Modular Automation is an Irish company which delivers custom automation solutions, build to print and tooling solutions for a host of global medtech manufacturers. Its CEO, Vivian Farrell, says the reality is different to the perception when it comes to AI and automation. “If technology was at the point of replacing workers then we would already be seeing it happen,” she says, noting the recent CSO report showing Ireland at full employment.

“As a provider of advanced technology to the manufacturing sector in Ireland and globally, whether that be robotic or date type solutions, it is always in the context of those solutions working hand in hand with humans as opposed to it replacing them,” says Farrell. The starting point for automation is often quite simple, such as an operator suffering from repetitive strain injury, for example, she adds.

Their experience is that technology typically replaces tasks that are “either unsafe for operators to be performing in the first place or repetitive mundane tasks that are just boring”.

“The manufacturer is then looking for where to deploy that particular person into work that is going to be more interesting, more rewarding and more enjoyable as opposed to performing something very repetitive day in, day out.”

Healy is more circumspect. “If fine-precision robots are developed that can eliminate manual labour then the employment opportunities for unskilled workers are diminished. Some will say that the elimination of rote, humdrum work is a good thing but whether there are sufficient work alternatives for what will likely be a larger and larger fraction of the labour force is a different matter.”

Farrell points out that these technology solutions are being developed by humans, thus creating more demand for engineers and IT specialists. “A robot can’t do anything – it has to be programmed to perform a particular task. So we will always need human input in the form of software engineers, code developers and testers. These are highly-skilled jobs that wouldn’t be there if you weren’t deploying that technology.

“There is a lot of scaremongering that goes on around this whole discussion which I don’t understand because there are so many positives – it is about advancement and getting better,” she continues. “We are not a low-cost economy but yet we have a very vibrant manufacturing sector. Technology has helped bring down the cost of manufacturing and kept us competitive.”

Irish businesses have a huge opportunity to embrace AI, says Pierotti. “Having C-suite commitment to the AI journey is increasingly critical and we are working closely with business leaders across multiple industries to help them better understand this opportunity and realise its full potential.”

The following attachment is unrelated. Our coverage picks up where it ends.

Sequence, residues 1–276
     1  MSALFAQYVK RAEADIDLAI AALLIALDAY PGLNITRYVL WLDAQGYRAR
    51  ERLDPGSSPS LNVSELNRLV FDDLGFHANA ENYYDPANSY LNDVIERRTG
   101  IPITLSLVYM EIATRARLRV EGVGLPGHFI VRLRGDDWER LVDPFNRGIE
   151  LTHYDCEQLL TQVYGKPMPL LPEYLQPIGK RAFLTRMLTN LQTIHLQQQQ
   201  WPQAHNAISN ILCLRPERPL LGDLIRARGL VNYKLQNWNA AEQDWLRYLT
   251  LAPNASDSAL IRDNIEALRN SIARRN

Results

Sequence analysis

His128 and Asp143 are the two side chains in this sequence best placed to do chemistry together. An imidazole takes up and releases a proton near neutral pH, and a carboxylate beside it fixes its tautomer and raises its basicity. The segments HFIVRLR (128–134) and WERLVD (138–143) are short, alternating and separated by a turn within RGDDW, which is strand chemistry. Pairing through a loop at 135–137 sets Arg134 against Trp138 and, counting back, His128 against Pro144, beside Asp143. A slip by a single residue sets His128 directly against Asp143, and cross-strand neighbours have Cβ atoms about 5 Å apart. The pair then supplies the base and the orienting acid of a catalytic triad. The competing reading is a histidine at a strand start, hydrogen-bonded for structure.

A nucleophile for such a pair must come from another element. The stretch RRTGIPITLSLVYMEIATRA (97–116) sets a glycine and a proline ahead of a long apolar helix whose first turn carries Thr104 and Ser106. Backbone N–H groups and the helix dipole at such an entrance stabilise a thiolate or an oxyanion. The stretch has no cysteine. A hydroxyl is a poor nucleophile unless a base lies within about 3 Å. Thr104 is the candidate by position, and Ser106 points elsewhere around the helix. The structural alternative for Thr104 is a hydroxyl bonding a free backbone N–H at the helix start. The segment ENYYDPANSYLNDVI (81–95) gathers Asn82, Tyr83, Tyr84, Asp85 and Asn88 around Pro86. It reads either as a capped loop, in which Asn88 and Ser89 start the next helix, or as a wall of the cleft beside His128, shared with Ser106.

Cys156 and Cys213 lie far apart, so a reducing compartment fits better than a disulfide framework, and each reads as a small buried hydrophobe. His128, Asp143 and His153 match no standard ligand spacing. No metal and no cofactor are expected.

O’Sullivan chaired the Expert Group on Future Skills Needs (EGFSN), which recently highlighted the skills needed for Ireland to fully benefit from the opportunities presented by AI. The group’s report notes that AI is not likely to bring about a net loss of jobs, but it will replace certain tasks within many jobs over time. This points to a massive need for both organisations and individuals to identify where AI will impact their job or their sector, and prepare by seeking out the necessary education and training.

“Everyone will need to become familiar with AI,” says O’Sullivan. “Some people will be using it very technically, but the ordinary citizen will have to know what it is because they will be using it more and they need to understand the consequences of using AI systems.”

He says AI should be treated as simply a new form of IT, with people needing to upskill accordingly; UCC offers free online courses to help people understand what AI is and what it can do, while for those seeking to study in the area, UL has launched a new integrated BSc/MSc in Artificial Intelligence and Machine Learning that Healy says will provide people with both the technical skills and ethical training that will be necessary “for the fair treatment of all of humanity”.

Indeed, as AI and robotics continue to enhance our productivity a host of ethical questions crop up. Commentators point out that the wealth increasing automation generates will be concentrated among a smaller and smaller share of the population.

O’Sullivan agrees. “If corporations are making huge profits because they can do more work with the same workforce, how should those profits be shared? Does the ordinary worker benefit from these productivity increases?”

“There is a need to make sure that all citizens benefit from this step change,” Pierotti says. “It might also require us to make further changes to the mechanisms our society uses to share wealth, which as a society we have done many times before.”

Danielle Barron

Danielle Barron is a contributor to The Irish Times